New York Court Holds That Questions of Fact Preclude Summary Judgment to Bar in Dram Shop Action

In Tansey v. Coscia, plaintiff brought a negligence action against a bar and other parties as a result of personal injuries sustained from an assault at the bar by another patron, Nicholas Coscia. Plaintiff alleged that the bar was negligent in unlawfully serving alcohol to Coscia because he was an underage and visibly intoxicated person under the Dram Shop Act. The defendant bar moved for summary judgment on the basis that there was no evidence that it unlawfully served alcohol to Coscia.

The Supreme Court of Suffolk County examined the factual evidence in the case, including numerous depositions, and concluded that the defendant bar failed to demonstrate the absence of any triable issues of fact, which necessitated the denial of the summary judgment motion. Under the New York Dram Shop Act, in order to prevail on summary judgment, the defendant bar must submit evidentiary proof that it did not unlawfully serve alcohol to an underage person or to a visibly intoxicated person.

The factual record in this case included deposition testimony by plaintiff, Coscia, a security person at the bar, and the manager at the bar. Coscia testified that he was underage and did drink inside of the bar. In support of its motion, Defendant relied on the testimony of plaintiff and the security person, who both testified that they did not see Coscia drinking inside of the bar.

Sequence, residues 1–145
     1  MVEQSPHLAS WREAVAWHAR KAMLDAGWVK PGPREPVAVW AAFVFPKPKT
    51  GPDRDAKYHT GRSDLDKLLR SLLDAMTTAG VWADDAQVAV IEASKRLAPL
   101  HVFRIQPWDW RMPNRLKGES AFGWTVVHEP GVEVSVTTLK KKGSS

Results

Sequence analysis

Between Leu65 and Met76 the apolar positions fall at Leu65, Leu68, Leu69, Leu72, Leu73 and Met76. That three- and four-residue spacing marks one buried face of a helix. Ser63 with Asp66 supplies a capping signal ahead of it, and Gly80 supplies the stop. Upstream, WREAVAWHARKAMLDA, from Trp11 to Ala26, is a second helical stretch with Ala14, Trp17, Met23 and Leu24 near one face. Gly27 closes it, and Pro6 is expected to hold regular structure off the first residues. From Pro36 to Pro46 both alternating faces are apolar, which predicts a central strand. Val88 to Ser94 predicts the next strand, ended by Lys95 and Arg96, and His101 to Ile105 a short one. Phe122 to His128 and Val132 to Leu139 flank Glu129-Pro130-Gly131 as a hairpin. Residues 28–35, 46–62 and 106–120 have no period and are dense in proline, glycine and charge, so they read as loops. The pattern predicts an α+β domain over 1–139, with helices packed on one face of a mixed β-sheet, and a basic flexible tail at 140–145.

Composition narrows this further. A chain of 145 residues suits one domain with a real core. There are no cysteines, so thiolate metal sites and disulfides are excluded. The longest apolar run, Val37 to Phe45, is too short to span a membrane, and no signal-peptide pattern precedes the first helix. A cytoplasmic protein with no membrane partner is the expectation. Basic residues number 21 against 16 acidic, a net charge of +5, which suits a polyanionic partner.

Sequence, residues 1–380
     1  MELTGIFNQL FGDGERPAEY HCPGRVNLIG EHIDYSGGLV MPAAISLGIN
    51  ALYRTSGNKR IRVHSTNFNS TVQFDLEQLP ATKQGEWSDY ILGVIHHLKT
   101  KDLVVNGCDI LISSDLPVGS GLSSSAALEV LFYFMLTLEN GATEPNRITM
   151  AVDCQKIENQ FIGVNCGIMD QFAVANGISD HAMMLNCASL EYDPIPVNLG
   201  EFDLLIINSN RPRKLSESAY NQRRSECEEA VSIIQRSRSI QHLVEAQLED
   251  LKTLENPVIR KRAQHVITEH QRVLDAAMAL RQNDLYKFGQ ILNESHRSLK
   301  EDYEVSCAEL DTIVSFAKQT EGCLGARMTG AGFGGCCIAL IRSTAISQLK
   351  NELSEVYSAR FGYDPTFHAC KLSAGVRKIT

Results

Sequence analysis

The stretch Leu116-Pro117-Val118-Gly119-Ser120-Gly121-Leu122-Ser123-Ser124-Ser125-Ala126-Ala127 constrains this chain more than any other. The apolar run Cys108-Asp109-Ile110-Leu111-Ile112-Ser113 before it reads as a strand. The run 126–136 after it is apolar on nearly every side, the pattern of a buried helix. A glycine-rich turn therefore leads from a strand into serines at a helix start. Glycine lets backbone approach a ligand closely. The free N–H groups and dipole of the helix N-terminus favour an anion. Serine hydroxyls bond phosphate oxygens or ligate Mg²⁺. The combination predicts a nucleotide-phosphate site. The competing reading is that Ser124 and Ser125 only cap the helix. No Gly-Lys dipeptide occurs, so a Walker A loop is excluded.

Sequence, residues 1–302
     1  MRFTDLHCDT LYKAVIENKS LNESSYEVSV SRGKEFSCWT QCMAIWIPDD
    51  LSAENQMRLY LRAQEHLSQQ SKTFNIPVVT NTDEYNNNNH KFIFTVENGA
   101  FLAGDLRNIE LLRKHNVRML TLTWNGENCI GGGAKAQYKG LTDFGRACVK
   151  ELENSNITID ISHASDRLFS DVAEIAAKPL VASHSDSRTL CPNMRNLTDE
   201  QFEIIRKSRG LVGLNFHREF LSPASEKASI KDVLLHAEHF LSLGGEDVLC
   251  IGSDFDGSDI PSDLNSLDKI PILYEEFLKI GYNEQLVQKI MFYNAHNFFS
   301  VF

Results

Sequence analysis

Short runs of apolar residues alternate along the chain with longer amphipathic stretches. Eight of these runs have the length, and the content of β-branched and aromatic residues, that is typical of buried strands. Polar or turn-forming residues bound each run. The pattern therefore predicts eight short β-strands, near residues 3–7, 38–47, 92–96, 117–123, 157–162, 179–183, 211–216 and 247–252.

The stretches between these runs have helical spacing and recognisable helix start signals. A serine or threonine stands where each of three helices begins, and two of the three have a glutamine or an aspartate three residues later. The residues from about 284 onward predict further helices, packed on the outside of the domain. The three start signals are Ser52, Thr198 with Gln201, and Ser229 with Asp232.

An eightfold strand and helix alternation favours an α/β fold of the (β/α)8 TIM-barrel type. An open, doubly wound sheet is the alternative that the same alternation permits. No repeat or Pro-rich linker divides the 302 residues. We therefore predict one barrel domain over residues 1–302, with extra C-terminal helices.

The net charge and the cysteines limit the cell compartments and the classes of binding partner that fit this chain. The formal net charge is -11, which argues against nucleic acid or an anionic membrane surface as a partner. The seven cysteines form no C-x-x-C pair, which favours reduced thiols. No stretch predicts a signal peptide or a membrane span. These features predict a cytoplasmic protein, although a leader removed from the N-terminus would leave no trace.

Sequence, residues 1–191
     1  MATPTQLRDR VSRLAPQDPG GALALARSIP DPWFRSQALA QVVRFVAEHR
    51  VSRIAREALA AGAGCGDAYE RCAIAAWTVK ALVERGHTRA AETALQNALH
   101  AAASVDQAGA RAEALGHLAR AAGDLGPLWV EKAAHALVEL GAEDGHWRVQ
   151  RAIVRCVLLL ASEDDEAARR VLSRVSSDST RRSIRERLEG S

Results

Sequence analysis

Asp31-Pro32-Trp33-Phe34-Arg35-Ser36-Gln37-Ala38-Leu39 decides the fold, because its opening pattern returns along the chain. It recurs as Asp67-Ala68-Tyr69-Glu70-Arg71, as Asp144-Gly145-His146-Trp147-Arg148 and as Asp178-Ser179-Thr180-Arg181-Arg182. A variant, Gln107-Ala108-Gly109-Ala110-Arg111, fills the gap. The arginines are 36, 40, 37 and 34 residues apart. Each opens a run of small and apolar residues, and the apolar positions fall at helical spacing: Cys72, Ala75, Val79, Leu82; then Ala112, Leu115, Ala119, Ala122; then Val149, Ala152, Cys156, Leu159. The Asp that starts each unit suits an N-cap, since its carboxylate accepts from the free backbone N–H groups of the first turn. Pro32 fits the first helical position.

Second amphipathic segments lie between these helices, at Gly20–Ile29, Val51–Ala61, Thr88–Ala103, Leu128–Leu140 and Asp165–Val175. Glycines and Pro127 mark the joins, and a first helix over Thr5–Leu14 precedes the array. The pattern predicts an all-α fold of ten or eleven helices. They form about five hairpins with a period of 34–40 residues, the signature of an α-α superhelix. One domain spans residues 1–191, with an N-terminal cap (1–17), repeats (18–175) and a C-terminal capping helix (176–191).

Looking at the totality of the factual evidence, however, the court determined that the bar’s reliance on the testimony of Plaintiff and the security person was inadequate to negate the possibility that the bar served Coscia alcohol when it knew or had reasonable cause to know that he was underage and/or visibly intoxicated. The court similarly found that Plaintiff’s Cross-Motion for Summary Judgment was also not adequately supported by the evidence and denied that motion as well. While the defendant bar could not make a prima facie showing that it had not served Coscia, it did raise questions of fact as to whether it had, which was enough to defeat plaintiff’s summary judgment motion.